These rituals of passage occurred at all the great milestones of life: birth, maturation to adulthood, marriage, death, and other moments when a person’s identity needed to be reconstituted as they came into a new phase of being. The principal rite of passage—the one that marked the change from child to adult—was certainly the most intense, and the most challenging. Usually, it was a truly dangerous experience, one in which the initiate had to undergo great trials and meet great tests. Their new identity was a thing of highest value, and such things are not easily come by, but take training, effort, diligence and strength.

The basic outline of the myth of the Hero’s Journey is modeled on such rites of initiation. As Campbell has observed, these stories mirror the process by which a person achieves a new, symbolic maturity as a human being:

The standard path of the mythological adventure of the hero is a magnification of the formula represented in the rites of passage: separation—initiation—return: which might be named the nuclear unit of the monomyth. A hero ventures forth from the world of common day into a region of supernatural wonder: fabulous forces are there encountered and a decisive victory is won: the hero comes back from this mysterious adventure with the power to bestow boons on his fellow man.

(The Hero with a Thousand Faces, p. 30)

The hero moves from a state of reliance to empowerment, from naiveté to experience, from potential to realization, from apprentice to master, from ignorance to wisdom. Beginning in the ordinary, mundane world, he or she strikes out on an adventure into the unknown, where they will experience what is necessary to transform themselves and their world.

This structure of separation from the old, ordinary world — initiation into new powers and mysteries and — return to the old world for its betterment and transformation, this is the fundamental outline of the hero’s journey. We see it everywhere, from the legends of the Greek heroes and the lives of great spiritual leaders, to European folktales and modern film.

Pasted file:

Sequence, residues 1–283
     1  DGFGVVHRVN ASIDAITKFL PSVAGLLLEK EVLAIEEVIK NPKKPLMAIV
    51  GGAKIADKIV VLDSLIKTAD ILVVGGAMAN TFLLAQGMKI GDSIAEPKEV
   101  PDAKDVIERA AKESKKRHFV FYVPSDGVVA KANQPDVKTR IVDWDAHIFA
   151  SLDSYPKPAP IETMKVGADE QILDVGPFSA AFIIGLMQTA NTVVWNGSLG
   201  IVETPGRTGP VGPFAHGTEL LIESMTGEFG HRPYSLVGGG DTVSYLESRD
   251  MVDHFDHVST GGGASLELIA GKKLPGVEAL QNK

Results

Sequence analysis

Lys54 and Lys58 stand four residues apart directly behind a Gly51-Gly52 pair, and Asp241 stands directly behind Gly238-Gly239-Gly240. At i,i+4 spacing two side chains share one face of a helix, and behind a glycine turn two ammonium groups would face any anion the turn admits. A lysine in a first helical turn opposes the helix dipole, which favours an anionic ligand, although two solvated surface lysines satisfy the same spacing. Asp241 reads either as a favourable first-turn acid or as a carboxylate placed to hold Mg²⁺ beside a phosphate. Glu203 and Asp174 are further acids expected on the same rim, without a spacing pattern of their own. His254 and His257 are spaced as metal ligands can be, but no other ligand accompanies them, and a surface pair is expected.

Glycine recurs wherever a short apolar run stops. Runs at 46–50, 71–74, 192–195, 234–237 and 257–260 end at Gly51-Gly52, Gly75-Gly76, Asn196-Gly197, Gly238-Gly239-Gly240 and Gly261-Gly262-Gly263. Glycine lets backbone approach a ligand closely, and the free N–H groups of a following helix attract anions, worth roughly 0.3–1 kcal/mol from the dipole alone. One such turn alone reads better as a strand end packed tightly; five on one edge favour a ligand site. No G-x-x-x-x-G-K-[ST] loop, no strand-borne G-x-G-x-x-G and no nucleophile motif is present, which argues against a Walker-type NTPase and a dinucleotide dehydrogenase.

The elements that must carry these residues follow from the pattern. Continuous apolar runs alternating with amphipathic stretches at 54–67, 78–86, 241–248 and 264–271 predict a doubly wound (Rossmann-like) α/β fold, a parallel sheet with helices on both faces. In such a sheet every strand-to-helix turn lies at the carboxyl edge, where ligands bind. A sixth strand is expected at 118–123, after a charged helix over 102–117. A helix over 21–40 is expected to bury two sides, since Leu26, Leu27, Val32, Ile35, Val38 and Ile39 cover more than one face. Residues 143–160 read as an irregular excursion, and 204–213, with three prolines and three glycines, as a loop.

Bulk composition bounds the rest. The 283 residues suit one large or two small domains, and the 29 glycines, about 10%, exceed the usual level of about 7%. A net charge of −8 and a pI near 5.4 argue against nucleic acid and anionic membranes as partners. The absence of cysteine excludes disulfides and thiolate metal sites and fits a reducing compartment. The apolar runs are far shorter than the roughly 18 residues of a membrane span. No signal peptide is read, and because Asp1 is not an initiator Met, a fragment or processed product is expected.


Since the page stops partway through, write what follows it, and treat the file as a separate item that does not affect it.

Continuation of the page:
Consider the story of the Buddha, for instance. It begins with a spoiled young prince, comfortable in his life with all the worldly things he could want. But then, one day, the prince goes out of the palace and sees the true sufferings of humanity: disease, old age, death… He realizes that things were not as he had thought. And so he leaves behind the pampered palace life and heads into the solitude of the forest. There he learns from all the sages and ascetic meditators he can. Finally, when he has shed his old identity entirely, he seeks the ultimate initiation into a higher wisdom. Committing himself to achieving enlightenment under a tree, he is assailed by all the demons of forces of the netherworld. Victorious over these, the prince achieves the highest wisdom of the highest mystery. Enlightened, he is no longer simply the prince, he is the Buddha. Out of compassion, he returns to the unenlightened world to share the path to liberation.